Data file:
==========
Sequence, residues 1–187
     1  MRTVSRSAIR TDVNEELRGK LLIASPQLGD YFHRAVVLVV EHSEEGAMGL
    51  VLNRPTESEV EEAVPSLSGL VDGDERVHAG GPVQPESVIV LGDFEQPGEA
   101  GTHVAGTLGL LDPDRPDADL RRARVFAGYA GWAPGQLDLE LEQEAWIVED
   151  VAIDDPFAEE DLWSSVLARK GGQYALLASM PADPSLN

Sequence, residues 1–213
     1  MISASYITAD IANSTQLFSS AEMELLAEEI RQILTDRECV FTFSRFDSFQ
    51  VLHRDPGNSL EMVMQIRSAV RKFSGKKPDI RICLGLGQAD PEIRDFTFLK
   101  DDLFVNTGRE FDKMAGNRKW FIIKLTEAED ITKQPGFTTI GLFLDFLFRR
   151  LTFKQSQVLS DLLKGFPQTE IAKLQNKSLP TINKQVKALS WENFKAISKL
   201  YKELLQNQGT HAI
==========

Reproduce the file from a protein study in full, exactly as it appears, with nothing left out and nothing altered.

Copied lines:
Sequence, residues 1–187
     1  MRTVSRSAIR TDVNEELRGK LLIASPQLGD YFHRAVVLVV EHSEEGAMGL
    51  VLNRPTESEV EEAVPSLSGL VDGDERVHAG GPVQPESVIV LGDFEQPGEA
   101  GTHVAGTLGL LDPDRPDADL RRARVFAGYA GWAPGQLDLE LEQEAWIVED
   151  VAIDDPFAEE DLWSSVLARK GGQYALLASM PADPSLN

Sequence, residues 1–213
     1  MISASYITAD IANSTQLFSS AEMELLAEEI RQILTDRECV FTFSRFDSFQ
    51  VLHRDPGNSL EMVMQIRSAV RKFSGKKPDI RICLGLGQAD PEIRDFTFLK
   101  DDLFVNTGRE FDKMAGNRKW FIIKLTEAED ITKQPGFTTI GLFLDFLFRR
   151  LTFKQSQVLS DLLKGFPQTE IAKLQNKSLP TINKQVKALS WENFKAISKL
   201  YKELLQNQGT HAI